Breckon says her doctors were unable to confirm celiac disease, even after four separate examinations of her digestive tract. However, her health improved dramatically after eliminating gluten from her diet.
"Within two weeks my life changed," says the North Vancouver resident, who is a cake decorator and baker by trade. In November, she opened The Sweet Tooth Cakery in North Vancouver's Maplewood neighbourhood. The bakery, at 2055 Old Dollarton Hwy., is 100 per cent gluten-free, which Breckon says is important to avoid cross-contamination.
"While Joe Smith's bakery might make some really great gluten-free cookies, chances are they're not gluten-free if he's using other flours with gluten in them. The air in that bakery is going to be filled with gluten and it takes very little for somebody with celiac disease or true gluten intolerance - it literally takes a crumb of toast - to make them sick."
Breckon's baked goods - made with sorghum flour, rice flour and tapioca flour instead of wheat flour - are gaining a following in the gluten-free community. "I'm shocked every day by the number of people that tell me they're just from the neighbourhood and they have celiac disease," she says. Her bakery is also attracting a growing number of people who are eating gluten-free foods by choice.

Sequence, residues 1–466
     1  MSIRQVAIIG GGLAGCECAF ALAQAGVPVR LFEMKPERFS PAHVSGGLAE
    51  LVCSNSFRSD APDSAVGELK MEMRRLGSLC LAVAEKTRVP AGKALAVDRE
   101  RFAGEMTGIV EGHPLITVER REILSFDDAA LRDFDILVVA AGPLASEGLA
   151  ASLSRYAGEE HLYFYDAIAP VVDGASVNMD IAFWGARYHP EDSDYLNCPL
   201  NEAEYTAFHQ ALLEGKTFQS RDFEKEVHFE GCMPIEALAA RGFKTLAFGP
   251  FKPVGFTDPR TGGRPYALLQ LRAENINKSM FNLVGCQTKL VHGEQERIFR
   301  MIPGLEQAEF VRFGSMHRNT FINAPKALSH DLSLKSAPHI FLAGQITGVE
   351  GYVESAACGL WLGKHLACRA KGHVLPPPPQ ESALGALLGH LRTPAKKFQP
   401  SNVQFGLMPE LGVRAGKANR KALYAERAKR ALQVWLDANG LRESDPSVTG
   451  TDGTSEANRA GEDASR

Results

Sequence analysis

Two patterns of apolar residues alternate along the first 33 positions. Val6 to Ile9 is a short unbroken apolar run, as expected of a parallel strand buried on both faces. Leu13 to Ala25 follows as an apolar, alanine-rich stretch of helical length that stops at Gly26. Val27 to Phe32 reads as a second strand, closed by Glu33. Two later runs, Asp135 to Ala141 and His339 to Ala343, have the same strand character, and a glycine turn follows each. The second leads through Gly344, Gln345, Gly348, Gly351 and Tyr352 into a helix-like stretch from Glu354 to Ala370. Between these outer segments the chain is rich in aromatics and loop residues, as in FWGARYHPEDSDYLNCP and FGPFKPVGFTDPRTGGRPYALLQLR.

"I think people are becoming more aware of what they are putting in their bodies and questioning 'Do we need this much gluten in our products?'" says Breckon.
The gluten-free trend was given a boost last summer with the release of the bestseller Wheat Belly. The book by American cardiologist William Davis claims that eliminating wheat from our diets can prevent fat storage, shrink bulges and reverse health problems.
Gloria Tsang is a registered dietitian and spokesperson for Dietitians of Canada. Tsang warns against using a gluten-free diet for weight loss. She says there is no proof of this in scientific journals. "I tried to look up 'gluten free diet' and 'weight loss' and found zero studies that show a gluten-free diet will help a person to lose weight."
However, she says she is not surprised to find that people on a gluten-free diet may drop a few pounds. This is because people who eat gluten-free are more mindful of what they're eating and eliminate between-meal "comfort foods" like bagels and bread and deserts like brownies and cookies, she says. "We have an overeating problem; it's not an overeating wheat problem."